When working out where the blame should go for the mess as a whole, that has required such extraordinary measures to try and stem the damage, the decisions made by individual borrowers hardly enter the picture. It is only if you try and look at borrowers as a group that the idea makes any sense. But they are not in fact a ‘group’ that can be blamed, because they did not do anything as a ‘group’.

        Unlike, for example, the banks. Who have legal person status and made thousands and thousands of bad loans, knowing they were shit, and then leveraged that shit. If not for all that leveraging, if it were just the initial bad loans that were being defaulted, things would not be any where near as bad.

        • burt 4.1.1.1

          RedLogix

          I have no argument with that. I would however like to point out that at the core of the credit crisis were the big ‘state’ lenders who were delivering on social policies that desired a greater percentage of home ownership. This political desire to see more people owning real estate when (as is clearly evident today) they could not afford it is ultimately the root of the problem.

          Intervention by the state for popularity – big issue.

          • Pascal's bookie 4.1.1.1.1

            It’s a shame you’re not more specific.

            If you are talking about freddie and fannie being told to ensure that a certain proportion of the loans they guaranteed were going to minorities, then you’re barking up the wrong tree. Even accounting for this, the fact remains that F&F were not allowed to directly guarantee mortgages that did not meet loan criteria. They did eventually get into subprime stuff, but at the other end, in that they were buying up the tranched products rated AAA. Yep, bad move. Stupid Etc. But not the fault of legislation, rather market forces demanding they get into this new and exciting division that was sweeping the world like a swedish pop sensation. They were late into the game and were losing market share to the unregulated loan outfits that weren’t bound by criteria. No one held a gun to their heads. Perhaps someone should have,. But that would’ve been interfering in the market, which was unpopular at the time.

            It’s well worth noting, in fact necessary to note, that the legislation requiring F&F to loan to minorities was in place since the seventies. No harm for decades, until other things were done, and hey presto, kablooie. Logic suggests that F&F loans were not in and of themselves the problem, but rather that the new changes interacted with the system to cause meltdown.

            If however you are talking about GWB’s ‘ownership society’ you are on firmer ground.

            Of course that rhetoric was used in service of two things. Tax cuts, and financial market deregulation; which were supposed to ‘allow citizens to retain more of their own money’ on the one hand, and on the other hand allow ‘the awesomeness of the self correcting marketplace to deliver it’s innovative fruitfulness to citizens free from the heavy hand of stifling gummint etc’.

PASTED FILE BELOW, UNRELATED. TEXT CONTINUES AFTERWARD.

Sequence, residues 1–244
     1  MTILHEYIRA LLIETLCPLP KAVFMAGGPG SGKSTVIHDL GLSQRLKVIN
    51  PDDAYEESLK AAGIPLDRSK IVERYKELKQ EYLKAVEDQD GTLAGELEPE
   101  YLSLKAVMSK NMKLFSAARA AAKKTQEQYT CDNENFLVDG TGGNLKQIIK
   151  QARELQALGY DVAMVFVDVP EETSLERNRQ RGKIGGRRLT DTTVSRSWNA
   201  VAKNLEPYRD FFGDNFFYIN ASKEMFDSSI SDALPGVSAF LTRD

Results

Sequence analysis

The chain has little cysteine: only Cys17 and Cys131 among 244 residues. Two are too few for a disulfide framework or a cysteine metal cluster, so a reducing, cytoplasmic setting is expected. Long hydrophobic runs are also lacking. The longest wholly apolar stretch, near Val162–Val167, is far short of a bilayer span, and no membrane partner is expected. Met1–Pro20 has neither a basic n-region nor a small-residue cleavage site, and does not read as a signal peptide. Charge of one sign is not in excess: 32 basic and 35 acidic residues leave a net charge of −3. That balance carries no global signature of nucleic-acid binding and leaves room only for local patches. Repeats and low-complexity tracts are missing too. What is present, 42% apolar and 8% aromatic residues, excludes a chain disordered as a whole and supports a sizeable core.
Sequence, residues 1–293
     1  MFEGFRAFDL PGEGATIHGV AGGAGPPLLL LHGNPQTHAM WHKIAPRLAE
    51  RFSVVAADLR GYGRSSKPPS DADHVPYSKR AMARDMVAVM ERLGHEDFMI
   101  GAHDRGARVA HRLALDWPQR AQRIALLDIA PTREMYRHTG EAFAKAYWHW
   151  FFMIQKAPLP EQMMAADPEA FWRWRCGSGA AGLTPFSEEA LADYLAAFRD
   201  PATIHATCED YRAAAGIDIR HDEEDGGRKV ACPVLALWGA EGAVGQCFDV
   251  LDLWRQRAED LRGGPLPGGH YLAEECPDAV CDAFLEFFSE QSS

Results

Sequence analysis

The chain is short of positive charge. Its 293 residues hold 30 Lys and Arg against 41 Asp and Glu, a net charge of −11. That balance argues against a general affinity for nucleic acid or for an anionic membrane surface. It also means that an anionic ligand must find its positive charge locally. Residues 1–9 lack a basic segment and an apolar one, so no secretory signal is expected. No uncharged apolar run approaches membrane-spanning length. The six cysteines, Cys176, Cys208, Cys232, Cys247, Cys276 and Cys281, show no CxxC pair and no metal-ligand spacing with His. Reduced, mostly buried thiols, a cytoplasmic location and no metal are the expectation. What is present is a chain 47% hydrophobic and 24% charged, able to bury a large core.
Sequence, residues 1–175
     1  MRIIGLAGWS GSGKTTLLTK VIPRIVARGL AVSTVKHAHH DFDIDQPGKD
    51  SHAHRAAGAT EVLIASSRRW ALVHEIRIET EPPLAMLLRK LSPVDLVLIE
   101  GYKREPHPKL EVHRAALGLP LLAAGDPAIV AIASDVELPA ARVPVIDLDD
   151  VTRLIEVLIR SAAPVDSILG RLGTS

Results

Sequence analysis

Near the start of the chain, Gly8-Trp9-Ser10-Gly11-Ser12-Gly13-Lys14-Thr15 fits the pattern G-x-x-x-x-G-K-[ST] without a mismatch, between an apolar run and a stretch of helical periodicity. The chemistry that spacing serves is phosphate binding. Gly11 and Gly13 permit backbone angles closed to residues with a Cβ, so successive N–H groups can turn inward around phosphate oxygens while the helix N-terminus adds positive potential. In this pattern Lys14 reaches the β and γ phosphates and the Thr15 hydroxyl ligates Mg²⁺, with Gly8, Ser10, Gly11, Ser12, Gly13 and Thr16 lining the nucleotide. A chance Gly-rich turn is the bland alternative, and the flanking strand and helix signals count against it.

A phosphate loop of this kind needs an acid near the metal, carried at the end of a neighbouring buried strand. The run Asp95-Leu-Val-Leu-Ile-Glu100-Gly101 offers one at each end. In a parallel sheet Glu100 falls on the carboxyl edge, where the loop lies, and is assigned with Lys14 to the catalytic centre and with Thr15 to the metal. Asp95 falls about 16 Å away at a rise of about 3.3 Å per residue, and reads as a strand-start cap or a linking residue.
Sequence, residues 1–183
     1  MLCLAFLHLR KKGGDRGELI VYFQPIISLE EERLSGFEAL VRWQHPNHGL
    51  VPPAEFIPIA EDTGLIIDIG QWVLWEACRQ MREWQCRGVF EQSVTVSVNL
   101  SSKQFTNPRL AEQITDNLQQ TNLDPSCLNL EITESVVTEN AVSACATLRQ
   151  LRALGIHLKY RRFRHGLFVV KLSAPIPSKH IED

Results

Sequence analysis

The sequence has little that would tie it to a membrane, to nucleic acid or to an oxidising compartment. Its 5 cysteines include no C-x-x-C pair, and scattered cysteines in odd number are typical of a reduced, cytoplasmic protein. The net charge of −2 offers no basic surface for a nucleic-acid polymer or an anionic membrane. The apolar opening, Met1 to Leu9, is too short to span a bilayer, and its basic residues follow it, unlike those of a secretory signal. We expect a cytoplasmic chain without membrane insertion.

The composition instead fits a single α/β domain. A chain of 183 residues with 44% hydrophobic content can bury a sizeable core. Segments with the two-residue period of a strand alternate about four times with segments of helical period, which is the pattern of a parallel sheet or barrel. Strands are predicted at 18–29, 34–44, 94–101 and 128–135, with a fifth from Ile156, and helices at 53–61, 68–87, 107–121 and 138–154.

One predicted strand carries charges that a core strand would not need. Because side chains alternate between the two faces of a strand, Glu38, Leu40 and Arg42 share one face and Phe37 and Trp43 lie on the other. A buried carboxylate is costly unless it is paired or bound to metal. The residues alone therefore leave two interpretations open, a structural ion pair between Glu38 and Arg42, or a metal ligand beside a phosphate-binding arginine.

Worked out swell.

      • Pascal's bookie 4.1.2

        Bugger, I used the word Gummint and done got moderated.

        Help!

      • jarbury 4.1.3

        Sure the banks made some dodgy lending decisions but they did not hold a gun to the borrowers heads and tell them to default on their mortgages.

        So why did that happen? What went on last year that led to a situation where so many people defaulted on their mortgages, leading to the current situation.

        I would say the following:

        1) High interest rates
        2) High food prices
        3) High transportation costs.

        These are basic areas of spending (shelter, food and transport) that skyrocketed in price last year. Something had to snap, and something sure did snap.

        So why did those three go up so much?

        For interest rates, they went up to combat inflation. Inflation went up because basic prices were going up so much, particularly for food & transportation costs. So, in my opinion, the second two issues listed above were responsible for the top one.

        For food prices, they went up because basic foods like corn, wheat and rice hit price highs. This has been attributed to shifting crops to making biofuels rather than food. Also attributed to higher transportation costs of shifting food around. So in a way, higher transport costs led to higher food costs.

        And then transportation costs. This was due to the massive oil spike we saw last year. US cities have been built in such an auto-dependent way that people had to keep driving to keep working, so the money had to come from somewhere else (like paying the mortgage). Furthermore, as I’ve mentioned above the flow-on effects of higher oil prices led to inflation and higher food costs.